China Trade Terms, Brexit’s Impact, Global Economy Steady
In today’s Steady Investor, we look at what is going on in the markets and our key takeaways and questions for investors to consider, such as:
- Is the U.S. and China trade agreement realistic?
- What retirement mistakes should you try and avoid in 2020?
- The Brexit is official. Could this lead to a recession for the UK next year?
- The global economy finishes the year on firm footing
- What implications could come from Boeing’s halting production of the 737 MAX?
Are Terms of the U.S. – China Trade Agreement Realistic? The U.S. and China have agreed in principle to terms of a trade agreement, but part of the agreement appears – on the surface – to be wildly farfetched. According to U.S. negotiators, China has committed to agricultural purchases to the tune of at least $40 billion for the next two years, an exorbitant amount by historical standards. Indeed, $40-$50 billion seems far too high relative to China’s agricultural needs and previous years’ purchases. In fact, $40 billion of agricultural purchases would amount to almost double the record for what China has purchased from American farmers in previous years. China has growing demand for soybeans and pork, but the question is whether they will actually meet targets, or if this is yet another case of over-promising and under-delivering.1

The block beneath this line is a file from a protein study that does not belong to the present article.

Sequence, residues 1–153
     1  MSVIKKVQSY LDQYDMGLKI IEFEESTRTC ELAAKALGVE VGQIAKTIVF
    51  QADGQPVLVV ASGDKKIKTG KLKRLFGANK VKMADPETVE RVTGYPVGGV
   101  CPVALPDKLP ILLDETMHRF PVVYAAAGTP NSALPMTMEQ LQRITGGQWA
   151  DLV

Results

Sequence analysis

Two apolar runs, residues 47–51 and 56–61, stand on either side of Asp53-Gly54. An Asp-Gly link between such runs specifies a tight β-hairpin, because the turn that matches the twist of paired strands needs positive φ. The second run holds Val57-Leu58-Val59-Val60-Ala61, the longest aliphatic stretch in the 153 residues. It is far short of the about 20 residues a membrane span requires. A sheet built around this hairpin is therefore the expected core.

9 of the Biggest Financial Mistakes You Should Avoid in 2020!
Looking toward the final days of 2019 and the New Year ahead, many investors may be wondering what to do and how to prepare for what’s to come in 2020.
See what we believe are the biggest mistakes investors make when planning for their financial future and how to avoid them with our guide, “9 Retirement Mistakes to Avoid.”
If you have $500,000 or more to invest and want to learn more, click on the link below:
Learn About the 9 Retirement Mistakes to Avoid!2
Brexit Becomes Official – The U.K. election was nothing short of historic, with the Conservatives (Tories) winning a remarkable 80-seat majority. This victory for the Tories all but solidifies the Brexit mandate, with Britain nearly certain to leave the European Union on January 31. Perhaps the biggest benefit to this vote is not the political outcome, but rather the removal of uncertainty about the fate of Brexit. A second potential benefit is that there seem to be widespread predictions that the U.K. economy is due to suffer badly as a result of this breakup, with some forecasting recession in the coming year. In our view, this narrative actually works in the equity market’s favor, as baseline assumptions of worst-case scenarios often leave wide open the possibility of a positive surprise. If the economic outcome is anything better than recession (even no growth), it could result in a positive response for the markets. On the negative side, British Prime Minister Boris Johnson signaled he would not extend the Brexit transition any further past the end of 2020, which increases the risk that Britain could end up formally leaving the customs union and free trade bloc with no deal in place with the EU.3